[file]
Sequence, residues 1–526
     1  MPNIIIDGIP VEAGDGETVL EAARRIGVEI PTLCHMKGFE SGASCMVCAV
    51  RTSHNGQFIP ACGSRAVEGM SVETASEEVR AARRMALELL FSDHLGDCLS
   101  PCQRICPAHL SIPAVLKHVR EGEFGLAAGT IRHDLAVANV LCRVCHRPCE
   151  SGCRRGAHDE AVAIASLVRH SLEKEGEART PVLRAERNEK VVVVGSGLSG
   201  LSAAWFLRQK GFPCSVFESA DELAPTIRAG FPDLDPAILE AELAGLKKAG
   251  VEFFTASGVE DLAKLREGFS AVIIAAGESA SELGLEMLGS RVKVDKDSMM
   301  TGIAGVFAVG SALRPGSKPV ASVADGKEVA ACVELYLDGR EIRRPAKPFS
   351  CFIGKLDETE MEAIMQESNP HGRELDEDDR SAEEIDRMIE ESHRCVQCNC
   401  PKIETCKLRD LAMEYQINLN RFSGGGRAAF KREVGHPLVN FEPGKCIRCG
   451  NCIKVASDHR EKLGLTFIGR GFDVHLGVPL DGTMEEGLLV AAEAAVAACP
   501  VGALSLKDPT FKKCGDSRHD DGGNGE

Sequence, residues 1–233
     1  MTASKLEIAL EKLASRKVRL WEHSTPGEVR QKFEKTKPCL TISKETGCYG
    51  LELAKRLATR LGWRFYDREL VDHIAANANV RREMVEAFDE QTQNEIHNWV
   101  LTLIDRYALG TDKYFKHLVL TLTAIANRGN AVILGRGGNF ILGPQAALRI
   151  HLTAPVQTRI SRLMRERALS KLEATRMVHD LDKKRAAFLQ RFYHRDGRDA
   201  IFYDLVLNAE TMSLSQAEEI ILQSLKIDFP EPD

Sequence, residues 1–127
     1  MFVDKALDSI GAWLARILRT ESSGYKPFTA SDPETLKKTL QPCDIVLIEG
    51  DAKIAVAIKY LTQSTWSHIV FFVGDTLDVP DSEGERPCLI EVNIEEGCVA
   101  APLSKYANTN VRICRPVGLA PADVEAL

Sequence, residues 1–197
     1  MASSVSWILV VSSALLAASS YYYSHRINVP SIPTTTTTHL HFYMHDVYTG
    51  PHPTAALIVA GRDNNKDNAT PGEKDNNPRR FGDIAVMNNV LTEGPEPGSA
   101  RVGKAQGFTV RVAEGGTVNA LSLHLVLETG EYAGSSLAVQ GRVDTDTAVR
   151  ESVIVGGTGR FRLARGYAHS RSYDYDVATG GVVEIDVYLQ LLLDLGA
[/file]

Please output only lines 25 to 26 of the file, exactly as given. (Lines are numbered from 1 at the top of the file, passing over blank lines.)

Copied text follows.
    51  PHPTAALIVA GRDNNKDNAT PGEKDNNPRR FGDIAVMNNV LTEGPEPGSA
   101  RVGKAQGFTV RVAEGGTVNA LSLHLVLETG EYAGSSLAVQ GRVDTDTAVR